At the request of State Representative Myra Crownover, Chairperson of the Committee on Public Health in the Texas House of Representatives, Texas Attorney General Ken Paxton issued an opinion on the legality of daily fantasy sports leagues such as DraftKings.com and FanDuel.com. The opinion focuses on the “rake” charged by typical daily fantasy sports services as distinguishing those leagues from traditional fantasy sports.
Unlike traditional, season-long (or rotisserie) fantasy sports leagues, “daily” fantasy sports services have very short durations – a day or, in some sports such as football, a five-day window including a weekend. Fantasy sports in general have seen explosive growth in recent years, expanding to such diverse sports as basketball, baseball, hockey, and even golf. Coupled with rumors of rigging and use of inside information by some employees, revenues for paid daily fantasy sports in particular grew so rapidly growth that the Nevada Gaming Commission and the New York Attorney General were led to question the legality of such services. For what appear to be similar reasons, Representative Crownover sought an opinion of the Texas Attorney General on two questions:
1. Whether daily fantasy sports leagues such as DraftKings.com and FanDuel.com are permissible under Texas law; and
2. Whether it is legal to participate in fantasy sports leagues where the house does not take a “rake" and the participants only wager amongst themselves.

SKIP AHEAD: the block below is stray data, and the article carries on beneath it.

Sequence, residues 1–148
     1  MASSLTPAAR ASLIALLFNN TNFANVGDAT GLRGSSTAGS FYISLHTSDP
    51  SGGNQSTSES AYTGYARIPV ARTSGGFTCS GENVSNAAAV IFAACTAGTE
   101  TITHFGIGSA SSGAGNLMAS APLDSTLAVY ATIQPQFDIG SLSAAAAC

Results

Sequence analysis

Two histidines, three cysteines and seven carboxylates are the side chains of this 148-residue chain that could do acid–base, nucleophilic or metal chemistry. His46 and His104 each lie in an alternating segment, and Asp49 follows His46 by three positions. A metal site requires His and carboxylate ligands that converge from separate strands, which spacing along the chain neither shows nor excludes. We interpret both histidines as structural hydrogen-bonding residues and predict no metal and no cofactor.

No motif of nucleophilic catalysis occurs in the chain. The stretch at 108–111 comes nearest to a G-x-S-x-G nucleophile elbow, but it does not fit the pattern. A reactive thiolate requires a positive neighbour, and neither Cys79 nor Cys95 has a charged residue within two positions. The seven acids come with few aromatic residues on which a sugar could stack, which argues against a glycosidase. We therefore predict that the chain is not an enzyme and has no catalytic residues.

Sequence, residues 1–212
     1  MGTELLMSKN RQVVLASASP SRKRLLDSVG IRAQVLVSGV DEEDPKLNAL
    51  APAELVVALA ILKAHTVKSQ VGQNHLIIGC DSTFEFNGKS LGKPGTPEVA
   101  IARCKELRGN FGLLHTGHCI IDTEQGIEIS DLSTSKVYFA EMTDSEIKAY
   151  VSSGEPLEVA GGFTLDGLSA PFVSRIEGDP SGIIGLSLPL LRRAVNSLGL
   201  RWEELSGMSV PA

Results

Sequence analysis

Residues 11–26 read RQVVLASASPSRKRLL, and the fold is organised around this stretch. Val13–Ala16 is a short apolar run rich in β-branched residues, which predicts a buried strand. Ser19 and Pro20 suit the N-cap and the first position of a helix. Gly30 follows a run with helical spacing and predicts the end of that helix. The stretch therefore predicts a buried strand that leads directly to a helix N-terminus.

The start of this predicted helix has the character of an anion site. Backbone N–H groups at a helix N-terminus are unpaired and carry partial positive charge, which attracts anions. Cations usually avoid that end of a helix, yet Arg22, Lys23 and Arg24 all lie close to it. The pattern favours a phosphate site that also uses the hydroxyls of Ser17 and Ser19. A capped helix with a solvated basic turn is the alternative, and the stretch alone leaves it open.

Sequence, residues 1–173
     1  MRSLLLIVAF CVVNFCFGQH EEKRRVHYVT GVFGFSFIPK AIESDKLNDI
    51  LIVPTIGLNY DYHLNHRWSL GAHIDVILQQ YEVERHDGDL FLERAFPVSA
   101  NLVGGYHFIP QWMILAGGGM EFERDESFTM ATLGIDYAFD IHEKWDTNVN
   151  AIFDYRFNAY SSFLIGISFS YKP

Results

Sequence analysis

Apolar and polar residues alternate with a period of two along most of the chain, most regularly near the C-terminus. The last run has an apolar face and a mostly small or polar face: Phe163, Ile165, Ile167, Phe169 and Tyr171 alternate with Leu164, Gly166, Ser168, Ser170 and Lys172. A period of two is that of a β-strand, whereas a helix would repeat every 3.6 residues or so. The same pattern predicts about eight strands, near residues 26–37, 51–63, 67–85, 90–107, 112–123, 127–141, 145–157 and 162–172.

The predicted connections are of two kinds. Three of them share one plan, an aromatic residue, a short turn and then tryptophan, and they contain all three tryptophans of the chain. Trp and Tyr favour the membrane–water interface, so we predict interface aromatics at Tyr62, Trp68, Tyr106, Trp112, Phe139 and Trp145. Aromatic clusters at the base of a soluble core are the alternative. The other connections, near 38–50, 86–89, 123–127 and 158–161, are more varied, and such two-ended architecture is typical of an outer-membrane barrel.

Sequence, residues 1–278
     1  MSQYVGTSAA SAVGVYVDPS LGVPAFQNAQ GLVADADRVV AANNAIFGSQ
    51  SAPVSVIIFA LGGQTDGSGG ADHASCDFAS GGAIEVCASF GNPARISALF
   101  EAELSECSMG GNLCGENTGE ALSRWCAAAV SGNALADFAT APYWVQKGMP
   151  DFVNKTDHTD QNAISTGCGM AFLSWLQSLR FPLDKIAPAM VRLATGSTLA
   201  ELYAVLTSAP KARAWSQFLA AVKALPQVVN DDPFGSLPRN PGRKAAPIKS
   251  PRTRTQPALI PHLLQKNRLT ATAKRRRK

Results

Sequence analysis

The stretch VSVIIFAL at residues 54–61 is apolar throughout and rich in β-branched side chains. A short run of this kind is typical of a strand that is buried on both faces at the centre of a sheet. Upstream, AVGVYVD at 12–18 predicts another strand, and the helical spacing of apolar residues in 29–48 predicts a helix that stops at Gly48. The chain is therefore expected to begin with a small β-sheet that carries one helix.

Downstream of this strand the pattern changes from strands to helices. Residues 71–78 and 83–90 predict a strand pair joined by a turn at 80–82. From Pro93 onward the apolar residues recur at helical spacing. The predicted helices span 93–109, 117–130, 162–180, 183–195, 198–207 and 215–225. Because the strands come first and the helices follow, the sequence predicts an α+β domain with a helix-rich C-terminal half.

The first issue targets services that facilitating daily fantasy leagues, while the second targets fantasy sports in general and the legality of merely participating in fantasy sport under Texas law.
Attorney General Paxton opined that the charging of a fee (or “rake”) retained by the service provider from amounts paid to participate in a daily fantasy sports league constituted placing a bet on a contest where the outcome was at least partially dependent on chance. Skill (or luck) by a participant in drafting players is subject to the vagaries of unpredictable circumstances based on injury to or ejection of selected players, impact of weather conditions on player performance, and bad calls by referees. Presumably writing with tongue-in-cheek, Attorney General Paxton stated:
[O]dds are favorable that a court would conclude that participation in daily fantasy sports leagues is illegal gambling under section 47.02 of the Penal Code
The “actual contestant” exception to the definition of “bet” had previously been determined by the Texas Attorney General’s Office to require direct participation in the contest and not mere wagering on the outcome of the contest.
Traditional fantasy sports leagues were distinguished as not involving any portion of the participation fee being retained by the league "commissioner," but instead being paid out wholly to the participants. A defense to prosecution under the Texas Penal Code exists where “no person received any economic benefit other than personal winnings.”
As the third state to consider paid daily fantasy sports illegal, Texas is now another high risk bet for daily fantasy sports services. Texas residents may see their participation is such leagues excluded over fears of potential prosecution.